Part 4 | Wishes for the Profession of IC

 

Lise Michaud

 

For this forth post of our series of 5, we asked Lee Smith, Sean Williams, Jane Revell, Alan Oram, Shel Holtz and Katie Macaulay to share their wishes for the profession of Internal Communication in 2017.

 

 

 

"My biggest hope for the IC world is that we finally learn to embrace measurement and evaluation.  We have seen a slight improvement in recent years – the number of practitioners conducting some form of measurement has increased a little since we first started our annual State of the Sector review of the IC space nine years ago, but the approach remains fairly unsophisticated for most and non-existent for many.   Without measurement, we are working in the dark professionally – unable to demonstrate our true value and blind to the effectiveness or not of what we do."  

 

Lee Smith, Owner/co-founder & Director Gatehouse

 

 

"My hope for the coming year is that we will continue our progress of unifying our IC practice as a strategic function of our organizations. That means both improving our execution (we have to be outstanding at the tactics; that's "table stakes") and embracing our roles as the communication experts of our organizations. The strategic value of outstanding IC lies in these two actions. If we do one and not the other, we risk being seen as a "warm-fuzzy" for employees, rather than  an essential asset that helps the organization attain business objectives." 

 

Sean Williams, M.A., Owner, Communication AMMO, Inc.

 

 

"My biggest hope for our profession is that internal communications continues to become a more valued strategic management discipline. I'd like to see our excellent IC professionals recognised for the critical role they play in helping businesses achieve their goals. As part of this, as a profession, we need to work with leaders more strategically, using evidence and measurement to plan more engaging and involving two-way communications to meet the needs and wishes of our people. Here’s to 2017!"

 

Jane Revell, Strategic communications consultant, Jane Revell Communications

 

 

"I hope that the profession continues to earn respect from all corners the organisations that it operates in and beyond. And while building trusted relationships at the very top we don’t lose the flair and creativity that makes the profession so special. I feel that IC comes in many different shapes and forms and we often talk about what the role of the profession is. I think this is a positive discussion and it needs to continue but I hope that collectively we find our sweet spot."

 

Alan Oram, Founder and creative director of Alive with Ideas

 

 

"In 2016 we have seen more internal communication departments disabanded or absorbed into other departments (such as marketing or corporate communications). My hope for 2017 is that internal communicators expand their thinking about the department's role. The employee communications departments that are being eliminated are those that continue to see themselves as a conduit of news and information to employees. This role evolved when employees had limited access to other news and information sources. Today they have instant access to everything from the company website (including media and investor relations content) to Glassdoor.com. If all we do is share news and information, we are redundant. To thrive, internal communications must become a vital management function that is reaches across all departments and functions to improve the flow of all of the company's internal communications. We must be able to measurably improve the employee experience, build employee engagement, influence the culture, and ultimately affect the customer experience.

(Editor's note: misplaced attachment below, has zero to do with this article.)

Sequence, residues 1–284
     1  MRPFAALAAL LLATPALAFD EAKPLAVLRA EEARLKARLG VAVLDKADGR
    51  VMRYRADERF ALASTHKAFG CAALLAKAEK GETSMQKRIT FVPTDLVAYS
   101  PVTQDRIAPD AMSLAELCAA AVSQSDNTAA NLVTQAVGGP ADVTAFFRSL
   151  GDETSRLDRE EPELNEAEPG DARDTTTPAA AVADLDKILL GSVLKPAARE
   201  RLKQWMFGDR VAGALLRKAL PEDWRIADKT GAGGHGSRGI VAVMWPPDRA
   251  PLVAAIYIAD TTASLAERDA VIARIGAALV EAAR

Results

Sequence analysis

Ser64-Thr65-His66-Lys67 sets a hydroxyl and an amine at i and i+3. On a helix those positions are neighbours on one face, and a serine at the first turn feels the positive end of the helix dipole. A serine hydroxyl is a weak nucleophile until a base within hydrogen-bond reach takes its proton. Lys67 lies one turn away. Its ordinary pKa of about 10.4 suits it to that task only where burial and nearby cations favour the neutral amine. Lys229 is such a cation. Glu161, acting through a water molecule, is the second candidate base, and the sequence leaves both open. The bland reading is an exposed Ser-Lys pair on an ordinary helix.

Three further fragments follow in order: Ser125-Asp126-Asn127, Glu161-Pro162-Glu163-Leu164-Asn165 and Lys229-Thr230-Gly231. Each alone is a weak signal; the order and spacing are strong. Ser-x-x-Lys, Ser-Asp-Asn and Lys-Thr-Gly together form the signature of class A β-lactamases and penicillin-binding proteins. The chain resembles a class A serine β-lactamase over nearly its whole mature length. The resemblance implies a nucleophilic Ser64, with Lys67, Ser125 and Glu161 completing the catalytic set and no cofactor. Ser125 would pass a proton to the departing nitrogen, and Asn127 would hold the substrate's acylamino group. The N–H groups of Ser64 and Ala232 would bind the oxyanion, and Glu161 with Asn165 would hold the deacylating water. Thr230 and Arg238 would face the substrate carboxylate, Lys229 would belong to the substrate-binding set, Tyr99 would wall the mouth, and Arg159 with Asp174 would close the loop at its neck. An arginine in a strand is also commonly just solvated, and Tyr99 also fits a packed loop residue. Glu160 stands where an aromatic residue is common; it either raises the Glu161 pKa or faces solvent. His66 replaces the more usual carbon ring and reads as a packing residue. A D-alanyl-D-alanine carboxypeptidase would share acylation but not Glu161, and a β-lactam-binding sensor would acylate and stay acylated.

We need to be the drivers of employee advocacy while steering the organization through times of crisis and change. We must be able to monitor employee conversation to identify opportunities and risks, help mold the employer brand, and employ all of the right channels for multi-lateral communication (which includes driving adoptino of new channels that may not be traditional but will grease the wheels of effective internal communication).

 

In short, if all we do is publish email newsletters and intranet content, internal communications is toast. If, on the other hand, we are the drivers of communication between and among employees at all levels, measuring the impact on the business, we will be indispensable."

 

Shel Holtz, Principal, Holtz Communication + Technology

 

 

 

"Communication in the workplace has come along way since the birth of the industrial revolution. Now we know communication should not merely instruct and inform. It should inspire, embolden and energise. What we do is no longer a side-of-desk activity, but a recognised and valued profession. I hope the year ahead is marked by bravery. Let’s tell the best stories, spark the most interesting conversations and turn employees from passive recipients of a message into fans and followers. Let’s create a workforce of active subscribers – people who, given the option, would choose our content over others. Sure, we don’t have mega budgets or massive teams. But these limitations just require greater imagination. We work in interesting times. 2017 is the year to be bold and give convention the elbow." 

 

Katie Macaulay, Managing Director, AB 

 

This is the forth post of a series of 5: 

 

Part 1 - What we hope for IC in 2017

Part 2 - IC experts on the profession of IC

Part 3 - Hopes for IC in the new year

Part 5 - What IC needs in 2017

 

 

 

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